This section is from the book "The Gardener V3", by William Thomson. Also available from Amazon: The New Organic Grower: A Master's Manual of Tools and Techniques for the Home and Market Gardener.
ONE of the first things that occurs to a would-be Lily-grower is how and where to procure bulbs. If cost is no object, he has only to write out an order for large sound bulbs from any of the numerous catalogues or advertisements at hand. In most cases this simple plan succeeds, so far as the getting of good bulbs goes; but if he who plants Lilies, like the wise builder of houses, first sits down and considers the cost, he will - he will do well! In the beautiful coloured plate of Lilies presented to the readers of the ' Gardeners' Chronicle; some time ago, a lovely long-tubed Lily is figured. Its name is L. neilgher-rense. It is barely hardy, but may be started in a pot and planted out in May or June, and is so lovely that it ought to be grown by the dozen in all good gardens. If you write an order for a dozen bulbs at 15s. each, it only comes to £9; but if you want really good strong bulbs, you pay a guinea each for them, or a trifle of a guinea or so more if the very finest bulbs are desired.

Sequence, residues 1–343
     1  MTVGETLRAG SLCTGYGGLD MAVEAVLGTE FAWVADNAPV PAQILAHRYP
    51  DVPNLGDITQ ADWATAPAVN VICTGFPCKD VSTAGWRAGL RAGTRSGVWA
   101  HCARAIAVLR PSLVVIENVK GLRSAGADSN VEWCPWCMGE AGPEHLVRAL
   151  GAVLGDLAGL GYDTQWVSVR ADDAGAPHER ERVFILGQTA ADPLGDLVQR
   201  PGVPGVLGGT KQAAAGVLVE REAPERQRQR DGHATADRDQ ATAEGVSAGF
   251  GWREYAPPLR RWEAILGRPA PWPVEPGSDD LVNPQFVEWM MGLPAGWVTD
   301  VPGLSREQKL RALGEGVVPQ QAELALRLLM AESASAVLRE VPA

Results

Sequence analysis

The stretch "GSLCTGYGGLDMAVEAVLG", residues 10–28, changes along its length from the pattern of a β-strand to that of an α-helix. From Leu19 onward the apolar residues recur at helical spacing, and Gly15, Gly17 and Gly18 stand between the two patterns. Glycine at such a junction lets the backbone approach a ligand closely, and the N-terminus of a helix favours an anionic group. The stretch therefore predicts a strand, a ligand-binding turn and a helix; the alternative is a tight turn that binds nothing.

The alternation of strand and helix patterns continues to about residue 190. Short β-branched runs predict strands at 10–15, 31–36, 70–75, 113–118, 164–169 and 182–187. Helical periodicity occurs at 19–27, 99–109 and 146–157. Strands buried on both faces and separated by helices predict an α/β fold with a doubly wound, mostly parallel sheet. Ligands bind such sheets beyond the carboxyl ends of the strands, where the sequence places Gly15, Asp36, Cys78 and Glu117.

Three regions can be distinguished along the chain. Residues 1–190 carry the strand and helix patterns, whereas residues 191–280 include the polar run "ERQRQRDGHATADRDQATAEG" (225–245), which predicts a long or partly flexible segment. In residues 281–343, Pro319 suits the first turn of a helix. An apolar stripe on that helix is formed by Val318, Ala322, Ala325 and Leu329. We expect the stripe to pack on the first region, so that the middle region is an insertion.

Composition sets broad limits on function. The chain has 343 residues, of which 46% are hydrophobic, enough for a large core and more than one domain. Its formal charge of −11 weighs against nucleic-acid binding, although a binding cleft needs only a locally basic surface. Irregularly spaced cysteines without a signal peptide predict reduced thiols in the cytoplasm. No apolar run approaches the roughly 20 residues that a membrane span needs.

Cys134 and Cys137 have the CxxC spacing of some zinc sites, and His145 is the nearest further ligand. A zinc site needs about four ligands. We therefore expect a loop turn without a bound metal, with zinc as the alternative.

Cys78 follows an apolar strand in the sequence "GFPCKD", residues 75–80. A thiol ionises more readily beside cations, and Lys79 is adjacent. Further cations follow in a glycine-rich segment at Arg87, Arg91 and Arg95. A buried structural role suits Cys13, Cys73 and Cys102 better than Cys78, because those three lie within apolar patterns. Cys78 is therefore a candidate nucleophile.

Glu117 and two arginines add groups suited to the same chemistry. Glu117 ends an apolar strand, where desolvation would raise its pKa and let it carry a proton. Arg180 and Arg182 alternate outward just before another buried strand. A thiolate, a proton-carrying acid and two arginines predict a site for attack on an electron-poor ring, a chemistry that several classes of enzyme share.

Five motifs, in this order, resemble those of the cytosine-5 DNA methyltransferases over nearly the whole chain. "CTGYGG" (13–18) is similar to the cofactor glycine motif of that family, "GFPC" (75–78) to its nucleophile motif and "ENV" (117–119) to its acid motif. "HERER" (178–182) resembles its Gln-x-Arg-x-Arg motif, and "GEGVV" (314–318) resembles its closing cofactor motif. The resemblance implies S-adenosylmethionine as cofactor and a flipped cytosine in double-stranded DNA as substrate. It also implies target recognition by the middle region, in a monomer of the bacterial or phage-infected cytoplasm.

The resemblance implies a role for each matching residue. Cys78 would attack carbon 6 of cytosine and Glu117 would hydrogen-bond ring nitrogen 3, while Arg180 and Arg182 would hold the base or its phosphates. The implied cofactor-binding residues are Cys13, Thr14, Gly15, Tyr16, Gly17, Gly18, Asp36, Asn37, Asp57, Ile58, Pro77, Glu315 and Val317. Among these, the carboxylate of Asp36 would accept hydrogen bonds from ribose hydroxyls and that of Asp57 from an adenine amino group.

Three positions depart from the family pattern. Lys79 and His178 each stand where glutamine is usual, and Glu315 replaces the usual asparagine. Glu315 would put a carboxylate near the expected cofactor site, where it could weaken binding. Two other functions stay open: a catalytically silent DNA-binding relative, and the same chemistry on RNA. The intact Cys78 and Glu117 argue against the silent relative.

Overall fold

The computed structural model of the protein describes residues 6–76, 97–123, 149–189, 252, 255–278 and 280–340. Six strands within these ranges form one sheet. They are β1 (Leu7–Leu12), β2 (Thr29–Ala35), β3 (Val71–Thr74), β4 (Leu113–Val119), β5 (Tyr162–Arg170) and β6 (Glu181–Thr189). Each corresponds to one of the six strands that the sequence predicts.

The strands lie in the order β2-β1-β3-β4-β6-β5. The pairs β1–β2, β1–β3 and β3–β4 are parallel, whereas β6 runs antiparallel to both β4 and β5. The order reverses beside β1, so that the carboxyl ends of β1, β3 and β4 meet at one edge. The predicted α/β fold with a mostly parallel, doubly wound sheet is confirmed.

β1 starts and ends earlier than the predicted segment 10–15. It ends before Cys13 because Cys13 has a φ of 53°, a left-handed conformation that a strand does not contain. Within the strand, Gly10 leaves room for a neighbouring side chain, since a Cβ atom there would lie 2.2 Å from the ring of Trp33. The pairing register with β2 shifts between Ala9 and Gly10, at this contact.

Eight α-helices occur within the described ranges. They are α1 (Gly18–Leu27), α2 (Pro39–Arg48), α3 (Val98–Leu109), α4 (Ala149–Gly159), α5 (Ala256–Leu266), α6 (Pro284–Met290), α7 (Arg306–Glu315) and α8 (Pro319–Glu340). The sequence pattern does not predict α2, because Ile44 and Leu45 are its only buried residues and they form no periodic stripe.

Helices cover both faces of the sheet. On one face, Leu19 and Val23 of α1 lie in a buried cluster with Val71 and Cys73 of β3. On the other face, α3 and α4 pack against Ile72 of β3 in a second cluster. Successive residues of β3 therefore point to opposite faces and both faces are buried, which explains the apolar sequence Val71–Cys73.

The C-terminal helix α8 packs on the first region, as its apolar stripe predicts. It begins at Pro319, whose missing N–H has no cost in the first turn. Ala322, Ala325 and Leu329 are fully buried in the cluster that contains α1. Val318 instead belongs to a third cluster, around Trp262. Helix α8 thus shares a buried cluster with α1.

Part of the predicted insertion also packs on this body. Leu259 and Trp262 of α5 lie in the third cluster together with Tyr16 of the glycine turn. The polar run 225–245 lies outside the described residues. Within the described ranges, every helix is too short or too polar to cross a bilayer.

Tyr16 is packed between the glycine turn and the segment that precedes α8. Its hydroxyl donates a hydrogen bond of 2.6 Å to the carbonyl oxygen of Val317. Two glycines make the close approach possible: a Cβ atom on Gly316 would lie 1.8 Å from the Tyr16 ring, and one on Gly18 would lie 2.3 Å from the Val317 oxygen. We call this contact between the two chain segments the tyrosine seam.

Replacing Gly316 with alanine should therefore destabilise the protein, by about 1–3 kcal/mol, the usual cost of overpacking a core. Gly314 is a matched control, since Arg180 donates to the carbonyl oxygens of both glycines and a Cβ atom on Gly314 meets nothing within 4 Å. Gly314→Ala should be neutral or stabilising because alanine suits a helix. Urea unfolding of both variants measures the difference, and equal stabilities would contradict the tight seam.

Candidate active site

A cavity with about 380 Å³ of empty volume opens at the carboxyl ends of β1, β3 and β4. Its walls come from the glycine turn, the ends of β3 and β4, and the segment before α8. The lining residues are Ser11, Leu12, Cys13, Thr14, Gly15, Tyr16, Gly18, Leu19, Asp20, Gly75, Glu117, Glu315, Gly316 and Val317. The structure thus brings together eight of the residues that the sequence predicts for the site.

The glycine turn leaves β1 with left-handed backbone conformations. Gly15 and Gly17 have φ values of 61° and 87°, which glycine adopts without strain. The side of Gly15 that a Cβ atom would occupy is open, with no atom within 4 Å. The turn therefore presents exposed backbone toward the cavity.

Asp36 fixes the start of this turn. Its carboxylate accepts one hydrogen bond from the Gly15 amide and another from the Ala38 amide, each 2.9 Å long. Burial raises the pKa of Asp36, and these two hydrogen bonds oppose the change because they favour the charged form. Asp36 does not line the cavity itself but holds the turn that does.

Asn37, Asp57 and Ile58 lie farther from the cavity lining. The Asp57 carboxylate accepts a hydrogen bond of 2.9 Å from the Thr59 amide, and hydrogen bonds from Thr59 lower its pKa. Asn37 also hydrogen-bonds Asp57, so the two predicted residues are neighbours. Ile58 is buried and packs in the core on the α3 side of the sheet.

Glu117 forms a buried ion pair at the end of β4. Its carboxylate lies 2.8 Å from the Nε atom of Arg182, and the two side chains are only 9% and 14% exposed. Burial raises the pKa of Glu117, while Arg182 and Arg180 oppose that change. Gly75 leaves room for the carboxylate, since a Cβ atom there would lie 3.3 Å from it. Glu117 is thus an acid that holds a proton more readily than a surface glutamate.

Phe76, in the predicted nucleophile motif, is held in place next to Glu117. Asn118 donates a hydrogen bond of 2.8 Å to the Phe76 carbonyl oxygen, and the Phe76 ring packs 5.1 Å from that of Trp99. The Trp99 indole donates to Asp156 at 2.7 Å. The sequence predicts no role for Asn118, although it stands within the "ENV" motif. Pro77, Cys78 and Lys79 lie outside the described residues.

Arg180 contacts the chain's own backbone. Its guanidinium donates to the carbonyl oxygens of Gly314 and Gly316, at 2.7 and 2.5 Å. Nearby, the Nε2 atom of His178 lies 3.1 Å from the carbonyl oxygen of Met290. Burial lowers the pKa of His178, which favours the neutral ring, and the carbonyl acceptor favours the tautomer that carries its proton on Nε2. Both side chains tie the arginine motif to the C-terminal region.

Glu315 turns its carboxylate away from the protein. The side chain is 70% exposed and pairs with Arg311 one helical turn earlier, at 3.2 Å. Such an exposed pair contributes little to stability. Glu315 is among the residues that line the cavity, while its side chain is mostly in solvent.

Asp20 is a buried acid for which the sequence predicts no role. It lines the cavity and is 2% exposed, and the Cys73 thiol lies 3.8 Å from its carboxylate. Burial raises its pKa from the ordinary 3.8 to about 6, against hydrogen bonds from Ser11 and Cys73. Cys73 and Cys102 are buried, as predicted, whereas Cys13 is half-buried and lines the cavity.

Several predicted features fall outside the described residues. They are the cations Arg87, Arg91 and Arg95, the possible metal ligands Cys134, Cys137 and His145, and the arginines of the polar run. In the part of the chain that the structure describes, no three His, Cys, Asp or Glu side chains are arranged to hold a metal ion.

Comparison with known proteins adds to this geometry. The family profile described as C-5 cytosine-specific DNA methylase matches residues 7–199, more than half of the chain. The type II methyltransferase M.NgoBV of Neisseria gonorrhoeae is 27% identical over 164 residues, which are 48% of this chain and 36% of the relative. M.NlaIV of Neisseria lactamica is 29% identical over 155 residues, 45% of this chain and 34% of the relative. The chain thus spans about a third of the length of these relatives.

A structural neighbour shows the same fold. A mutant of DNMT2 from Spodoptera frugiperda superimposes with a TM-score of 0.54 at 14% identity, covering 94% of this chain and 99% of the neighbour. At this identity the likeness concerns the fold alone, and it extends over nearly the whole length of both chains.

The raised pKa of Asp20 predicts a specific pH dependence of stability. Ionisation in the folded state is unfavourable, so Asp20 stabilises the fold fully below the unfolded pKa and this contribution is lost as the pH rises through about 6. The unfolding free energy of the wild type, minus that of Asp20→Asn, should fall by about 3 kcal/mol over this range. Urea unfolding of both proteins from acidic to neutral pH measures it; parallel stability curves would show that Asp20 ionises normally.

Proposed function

I believe the best bulbs are preferable - sure to bloom, you know.
Lilium Wallichianum is another nice kind, rather tender and difficult to grow, as a rule. You plant it in a pot very carefully : sometimes it comes up, sometimes not. The price is pretty much what you like, up to three guineas a bulb. Nothing less than 15s. will get you a decent bulb of this kind; and if you want to make quite sure of ever seeing it in bloom, pay £20 to £36 for a dozen bulbs, and you may be gratified. Nothing like a good start in plant-growing : order a dozen bulbs at once.
In the 'Garden' of February 12th of the current year there is a lovely plate of a lovely Indian Lily - L. polyphyllum. It is moderately hardy on warm well-drained soils, but it is more safe to grow it in pots. You can get a dozen strong-flowering bulbs of it for L50, or perhaps for a little less. It is a little expensive, perhaps, but it is a pretty thing - very nearly a hardy flower, in fact, so of course it is valuable. Bedding-plants are vulgar. Orchids are dear. "Consider the Lilies," my friend !